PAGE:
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Construction Forecasting – Volume

Feb 26, 2019

Since the bottom of the construction recession year 2011, through 2018 construction spending has increased 67%. During that time construction volume has increased only 32%. All the rest was inflation.

Construction spending is not the only factor for business growth planning. The adjustment for Inflation is the most important factor.

If your company revenues are increasing at a rate of 7% per year at a time when construction inflation is 5%, your business volume is increasing only 2% per year. If you do not factor inflation into your growth projections, you are not forecasting growth properly. Spending is revenue. Volume is spending minus inflation.

Spend current vs constant 2018 2-26-19

Look at the data to the left of the vertical line through 2006. Notice in the bottom plot in the years 2004 and 2005 there is very high spending but very low volume. In 2006 spending was up 4% but real volume declined 3%. For those three years inflation totaled nearly 30%. On the top plot you can see the cumulative effect of several years of high inflation. From 2000 to 2006 spending increased 45% but volume barely moved at all. During this period jobs increased by about 15% and even that outpaced volume. Businesses watched as spending increased 45% in seven years. They increased staff by 15%, but real volume was flat. Heading into the recession construction dollars on the books had been increasing for years but volume was stagnant and companies were top-heavy with jobs.

Addressing the current period 2011 through 2018, if you base business growth on your annual revenue growth, or spending, rather than using inflation adjusted dollars, your forecast for business growth over this eight year time period would be more than double actual volume growth.

Notice the blue bars for annual spending growth in 2017 and 2018 at approximately 4% and 5% respectively. But look at the black lines superimposed on those bars that reflect real volume growth after inflation. There has been only 1% real volume growth in the last two years. Yet jobs increased 8% in two years. Most of the growth in spending is inflation dollars, not real volume growth. Inflation does not support jobs growth.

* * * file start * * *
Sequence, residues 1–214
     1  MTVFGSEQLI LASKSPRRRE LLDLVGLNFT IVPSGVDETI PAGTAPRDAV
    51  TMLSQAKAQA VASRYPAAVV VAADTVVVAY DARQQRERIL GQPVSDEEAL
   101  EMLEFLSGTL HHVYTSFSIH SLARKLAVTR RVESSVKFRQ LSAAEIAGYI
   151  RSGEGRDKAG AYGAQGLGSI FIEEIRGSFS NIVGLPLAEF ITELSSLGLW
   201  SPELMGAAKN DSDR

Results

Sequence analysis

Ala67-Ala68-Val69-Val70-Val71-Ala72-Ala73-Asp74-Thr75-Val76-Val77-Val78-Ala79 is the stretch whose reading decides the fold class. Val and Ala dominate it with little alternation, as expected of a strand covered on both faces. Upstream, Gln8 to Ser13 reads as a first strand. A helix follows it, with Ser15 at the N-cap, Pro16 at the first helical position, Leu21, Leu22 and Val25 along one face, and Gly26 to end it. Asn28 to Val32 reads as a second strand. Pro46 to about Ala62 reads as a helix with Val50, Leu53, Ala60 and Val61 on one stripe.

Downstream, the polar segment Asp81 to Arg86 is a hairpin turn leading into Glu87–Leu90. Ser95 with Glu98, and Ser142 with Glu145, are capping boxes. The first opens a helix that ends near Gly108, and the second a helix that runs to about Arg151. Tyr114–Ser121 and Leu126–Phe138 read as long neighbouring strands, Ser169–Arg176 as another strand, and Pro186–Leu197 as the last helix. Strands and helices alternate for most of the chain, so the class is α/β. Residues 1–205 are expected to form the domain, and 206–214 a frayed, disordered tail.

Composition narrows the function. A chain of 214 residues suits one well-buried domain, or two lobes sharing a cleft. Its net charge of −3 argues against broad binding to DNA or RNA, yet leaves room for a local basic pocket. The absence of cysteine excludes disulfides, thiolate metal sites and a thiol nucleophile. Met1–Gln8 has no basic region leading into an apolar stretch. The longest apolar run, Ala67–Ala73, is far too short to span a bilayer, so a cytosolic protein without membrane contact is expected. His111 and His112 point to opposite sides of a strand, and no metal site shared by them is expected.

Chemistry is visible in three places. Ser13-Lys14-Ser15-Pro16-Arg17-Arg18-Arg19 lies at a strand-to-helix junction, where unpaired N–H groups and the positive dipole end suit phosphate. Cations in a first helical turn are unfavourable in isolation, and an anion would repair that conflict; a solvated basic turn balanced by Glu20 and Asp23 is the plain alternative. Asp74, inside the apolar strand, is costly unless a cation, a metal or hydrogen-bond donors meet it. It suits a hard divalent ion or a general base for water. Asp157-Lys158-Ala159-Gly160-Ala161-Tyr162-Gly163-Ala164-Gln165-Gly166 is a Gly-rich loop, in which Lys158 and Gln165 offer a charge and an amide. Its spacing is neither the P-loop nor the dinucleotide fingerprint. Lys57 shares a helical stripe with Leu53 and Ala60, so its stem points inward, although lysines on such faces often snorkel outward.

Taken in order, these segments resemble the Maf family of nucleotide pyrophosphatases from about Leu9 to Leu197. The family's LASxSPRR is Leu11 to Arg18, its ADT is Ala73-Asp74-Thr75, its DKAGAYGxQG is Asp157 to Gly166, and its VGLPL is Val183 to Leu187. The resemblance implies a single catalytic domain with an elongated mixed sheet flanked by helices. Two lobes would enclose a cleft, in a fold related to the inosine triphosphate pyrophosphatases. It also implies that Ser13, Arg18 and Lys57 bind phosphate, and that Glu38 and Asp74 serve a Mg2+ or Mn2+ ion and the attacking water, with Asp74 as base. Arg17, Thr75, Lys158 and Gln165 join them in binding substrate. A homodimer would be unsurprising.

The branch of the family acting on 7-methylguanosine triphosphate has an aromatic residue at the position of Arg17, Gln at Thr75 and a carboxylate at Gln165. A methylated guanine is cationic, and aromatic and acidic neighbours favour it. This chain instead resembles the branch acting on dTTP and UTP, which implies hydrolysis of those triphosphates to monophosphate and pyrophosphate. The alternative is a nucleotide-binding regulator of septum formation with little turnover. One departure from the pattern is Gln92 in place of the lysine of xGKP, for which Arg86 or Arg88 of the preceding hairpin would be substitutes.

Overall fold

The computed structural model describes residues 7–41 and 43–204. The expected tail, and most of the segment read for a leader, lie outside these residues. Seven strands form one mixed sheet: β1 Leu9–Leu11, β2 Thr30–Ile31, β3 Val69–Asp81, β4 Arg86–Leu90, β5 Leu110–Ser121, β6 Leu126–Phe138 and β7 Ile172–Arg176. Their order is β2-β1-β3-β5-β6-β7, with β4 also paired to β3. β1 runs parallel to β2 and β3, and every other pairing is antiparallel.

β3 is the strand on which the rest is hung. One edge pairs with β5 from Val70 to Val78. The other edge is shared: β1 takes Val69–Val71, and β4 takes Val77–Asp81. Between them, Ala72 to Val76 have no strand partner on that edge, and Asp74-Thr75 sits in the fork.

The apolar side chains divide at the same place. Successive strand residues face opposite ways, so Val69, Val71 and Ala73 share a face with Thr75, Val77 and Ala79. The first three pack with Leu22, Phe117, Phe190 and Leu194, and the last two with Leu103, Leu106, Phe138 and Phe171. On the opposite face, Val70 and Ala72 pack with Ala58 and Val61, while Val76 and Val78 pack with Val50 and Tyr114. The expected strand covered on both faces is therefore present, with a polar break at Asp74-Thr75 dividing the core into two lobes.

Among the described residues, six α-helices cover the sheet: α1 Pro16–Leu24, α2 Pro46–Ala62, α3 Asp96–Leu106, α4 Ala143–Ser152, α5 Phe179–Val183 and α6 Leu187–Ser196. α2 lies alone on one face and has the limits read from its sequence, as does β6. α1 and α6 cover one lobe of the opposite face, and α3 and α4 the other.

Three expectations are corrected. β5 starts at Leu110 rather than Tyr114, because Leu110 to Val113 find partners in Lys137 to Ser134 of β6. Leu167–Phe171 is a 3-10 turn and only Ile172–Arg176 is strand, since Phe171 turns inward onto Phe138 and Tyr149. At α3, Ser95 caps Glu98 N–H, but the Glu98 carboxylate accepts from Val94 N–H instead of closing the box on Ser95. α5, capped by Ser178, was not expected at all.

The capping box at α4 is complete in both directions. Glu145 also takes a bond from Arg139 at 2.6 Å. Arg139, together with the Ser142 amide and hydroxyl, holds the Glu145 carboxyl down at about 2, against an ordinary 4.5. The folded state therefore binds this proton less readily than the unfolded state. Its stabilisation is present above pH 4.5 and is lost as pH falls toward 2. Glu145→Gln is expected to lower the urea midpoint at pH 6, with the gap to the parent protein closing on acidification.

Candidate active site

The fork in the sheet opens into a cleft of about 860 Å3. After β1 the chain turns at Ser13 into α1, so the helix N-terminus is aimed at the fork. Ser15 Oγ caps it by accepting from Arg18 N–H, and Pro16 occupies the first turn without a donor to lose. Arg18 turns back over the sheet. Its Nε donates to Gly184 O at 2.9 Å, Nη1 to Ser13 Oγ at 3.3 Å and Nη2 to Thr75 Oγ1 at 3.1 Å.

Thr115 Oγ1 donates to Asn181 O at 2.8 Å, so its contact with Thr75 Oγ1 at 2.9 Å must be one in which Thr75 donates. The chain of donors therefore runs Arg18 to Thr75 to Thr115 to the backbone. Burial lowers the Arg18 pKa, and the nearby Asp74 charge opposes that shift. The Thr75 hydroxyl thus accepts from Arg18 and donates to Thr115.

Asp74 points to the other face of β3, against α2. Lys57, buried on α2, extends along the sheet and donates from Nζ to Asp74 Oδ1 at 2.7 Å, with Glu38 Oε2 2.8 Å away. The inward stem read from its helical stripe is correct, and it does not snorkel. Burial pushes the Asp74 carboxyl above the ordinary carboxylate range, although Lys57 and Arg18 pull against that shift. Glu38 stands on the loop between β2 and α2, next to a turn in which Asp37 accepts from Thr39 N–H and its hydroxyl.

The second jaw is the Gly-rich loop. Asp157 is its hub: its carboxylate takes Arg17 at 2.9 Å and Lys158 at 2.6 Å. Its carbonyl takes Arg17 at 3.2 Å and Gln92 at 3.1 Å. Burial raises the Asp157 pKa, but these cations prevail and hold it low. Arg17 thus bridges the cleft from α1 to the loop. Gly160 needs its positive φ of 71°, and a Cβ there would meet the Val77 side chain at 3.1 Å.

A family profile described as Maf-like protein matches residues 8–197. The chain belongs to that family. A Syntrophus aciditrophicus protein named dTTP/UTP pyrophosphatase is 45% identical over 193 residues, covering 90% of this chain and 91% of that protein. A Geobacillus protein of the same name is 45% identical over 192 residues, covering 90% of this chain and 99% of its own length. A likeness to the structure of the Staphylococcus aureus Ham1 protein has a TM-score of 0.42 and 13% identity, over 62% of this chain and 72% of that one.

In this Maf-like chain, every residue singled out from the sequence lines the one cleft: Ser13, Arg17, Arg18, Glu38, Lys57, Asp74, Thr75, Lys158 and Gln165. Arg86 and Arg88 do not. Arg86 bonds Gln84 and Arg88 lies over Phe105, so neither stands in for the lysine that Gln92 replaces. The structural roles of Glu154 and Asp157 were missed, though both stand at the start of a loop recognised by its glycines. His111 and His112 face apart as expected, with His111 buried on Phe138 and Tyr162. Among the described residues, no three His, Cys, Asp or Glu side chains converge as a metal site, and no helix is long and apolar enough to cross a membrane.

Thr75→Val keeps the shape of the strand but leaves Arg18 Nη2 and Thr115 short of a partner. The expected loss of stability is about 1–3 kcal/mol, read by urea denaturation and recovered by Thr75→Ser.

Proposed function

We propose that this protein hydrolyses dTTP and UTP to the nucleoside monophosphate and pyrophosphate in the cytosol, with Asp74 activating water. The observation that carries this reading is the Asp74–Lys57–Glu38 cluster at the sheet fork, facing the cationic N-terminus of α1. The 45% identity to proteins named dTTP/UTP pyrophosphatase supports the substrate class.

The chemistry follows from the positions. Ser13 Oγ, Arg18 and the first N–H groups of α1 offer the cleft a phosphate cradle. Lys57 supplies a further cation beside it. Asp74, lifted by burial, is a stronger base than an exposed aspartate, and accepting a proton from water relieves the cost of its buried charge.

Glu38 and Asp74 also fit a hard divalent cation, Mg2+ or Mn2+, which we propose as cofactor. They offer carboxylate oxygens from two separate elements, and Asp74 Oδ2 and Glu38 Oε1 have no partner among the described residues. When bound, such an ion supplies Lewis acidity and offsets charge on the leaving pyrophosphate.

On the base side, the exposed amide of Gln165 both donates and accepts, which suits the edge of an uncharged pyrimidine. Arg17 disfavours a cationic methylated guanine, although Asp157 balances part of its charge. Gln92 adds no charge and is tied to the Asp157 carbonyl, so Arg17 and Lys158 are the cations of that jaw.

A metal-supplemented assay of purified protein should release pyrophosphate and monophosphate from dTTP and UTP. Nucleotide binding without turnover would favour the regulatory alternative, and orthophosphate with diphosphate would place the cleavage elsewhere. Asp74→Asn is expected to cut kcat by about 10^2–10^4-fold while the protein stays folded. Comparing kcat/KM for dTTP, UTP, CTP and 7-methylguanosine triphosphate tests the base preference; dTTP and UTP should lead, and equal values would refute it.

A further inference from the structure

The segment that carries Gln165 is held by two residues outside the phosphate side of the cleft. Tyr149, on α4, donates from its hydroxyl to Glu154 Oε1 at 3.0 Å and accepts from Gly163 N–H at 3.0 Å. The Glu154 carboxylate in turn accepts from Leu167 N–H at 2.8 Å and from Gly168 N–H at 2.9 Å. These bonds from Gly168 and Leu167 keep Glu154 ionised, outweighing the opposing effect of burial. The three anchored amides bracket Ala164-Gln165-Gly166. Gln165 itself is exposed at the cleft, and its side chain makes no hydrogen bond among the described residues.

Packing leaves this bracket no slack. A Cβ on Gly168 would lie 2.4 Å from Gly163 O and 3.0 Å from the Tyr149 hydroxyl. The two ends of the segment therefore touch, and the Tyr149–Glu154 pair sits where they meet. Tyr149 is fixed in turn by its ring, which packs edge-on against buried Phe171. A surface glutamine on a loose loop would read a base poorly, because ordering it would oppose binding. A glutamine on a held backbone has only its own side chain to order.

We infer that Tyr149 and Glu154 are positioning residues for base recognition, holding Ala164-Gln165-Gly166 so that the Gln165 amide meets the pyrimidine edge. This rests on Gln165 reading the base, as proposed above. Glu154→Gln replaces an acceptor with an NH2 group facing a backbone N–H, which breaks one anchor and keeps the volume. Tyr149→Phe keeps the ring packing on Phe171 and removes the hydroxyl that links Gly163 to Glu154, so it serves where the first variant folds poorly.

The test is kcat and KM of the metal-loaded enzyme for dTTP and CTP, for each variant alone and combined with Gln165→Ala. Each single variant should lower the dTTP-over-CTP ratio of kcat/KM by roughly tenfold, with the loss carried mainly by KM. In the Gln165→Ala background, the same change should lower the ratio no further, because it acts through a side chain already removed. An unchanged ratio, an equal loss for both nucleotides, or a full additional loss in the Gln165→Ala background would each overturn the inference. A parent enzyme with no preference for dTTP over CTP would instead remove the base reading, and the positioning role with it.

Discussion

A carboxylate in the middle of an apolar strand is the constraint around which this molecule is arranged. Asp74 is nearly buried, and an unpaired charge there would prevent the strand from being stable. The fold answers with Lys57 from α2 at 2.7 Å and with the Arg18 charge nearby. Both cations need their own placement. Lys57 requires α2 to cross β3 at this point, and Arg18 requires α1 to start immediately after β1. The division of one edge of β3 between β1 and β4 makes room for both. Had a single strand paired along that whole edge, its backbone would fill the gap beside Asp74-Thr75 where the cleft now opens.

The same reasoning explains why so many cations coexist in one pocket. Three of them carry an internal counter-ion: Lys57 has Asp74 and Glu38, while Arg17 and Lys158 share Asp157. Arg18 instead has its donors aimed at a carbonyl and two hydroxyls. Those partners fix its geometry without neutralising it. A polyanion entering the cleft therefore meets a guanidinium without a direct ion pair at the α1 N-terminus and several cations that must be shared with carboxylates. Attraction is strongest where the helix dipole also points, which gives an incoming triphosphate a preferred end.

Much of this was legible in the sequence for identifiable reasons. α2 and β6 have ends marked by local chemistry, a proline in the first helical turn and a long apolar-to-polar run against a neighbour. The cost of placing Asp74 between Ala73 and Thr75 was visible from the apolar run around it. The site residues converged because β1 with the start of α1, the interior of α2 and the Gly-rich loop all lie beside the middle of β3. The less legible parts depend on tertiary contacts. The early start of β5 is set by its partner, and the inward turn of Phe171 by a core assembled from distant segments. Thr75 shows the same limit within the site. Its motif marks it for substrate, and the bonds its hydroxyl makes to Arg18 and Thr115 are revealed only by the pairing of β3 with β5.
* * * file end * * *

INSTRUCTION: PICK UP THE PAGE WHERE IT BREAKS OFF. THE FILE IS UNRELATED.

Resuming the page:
For 2017-2018 residential spending increased 17% but volume was up only 7%. Nonresidential buildings spending up 6.5% but volume was down 2.5%. Non-building infrastructure spending was up 4% but volume was down by 3%. Inflation across these sectors totaled 7% to 10% for these two years.

Construction jobs, now over 7,400,000 have been over 7,300,000 since summer 2018. The last time jobs were over 7,300,000 was mid-2005 through early 2008, at which point the recession abruptly caused the loss of over 700,000 jobs within 10 months and more than 2 million jobs over the next three years. Jobs are now only 5% lower than the previous high of 7,700,000 in 2006-2007. But construction volume is still 15% below peak constant $ volume reached in early 2006. So the current situation of jobs growth rate exceeding volume growth is worse than it was leading into the last recession.

For 2019 I expect residential and nonresidential buildings to experience a slight decline in volume. I do not yet see a recession as volume picks up again in 2020, but  nonresidential construction jobs in particularly have been increasing faster than volume for several years. Part of that is explained by some nonresidential workers are used to build residential space (hi-rise structure). When the next downturn hits, the potential need to cut nonresidential construction jobs may be quite painful.

Please Vote in Best Construction Blog Competition

Best Construction Blog voting begins 2-1-19 and continues through 3-31-19.

This blog, Construction Analytics – edzarenski . com, has been nominated for the 2019 Best Construction Blog competition.

In January, more than 8,000 visitors generated 17,000 views. The 2019 Economic Forecast Summary had more than 3,000 views and the Inflation Index Tables more than 4,000 views. This blog now gets more visitors and more views per month than I got per year when when I worked for and my reports were published and distributed by a major national construction firm. I believe that is because of the varied content being made available to the public.

There are a lot of readers out there accessing materials on this blog. That’s a lot of potential voters. I’m asking for your vote.

If you visit my blog because you find value in the construction economic news provided here, then please take a minute to visit the link below and vote for Construction Analytics. Thank you. Ed Zarenski

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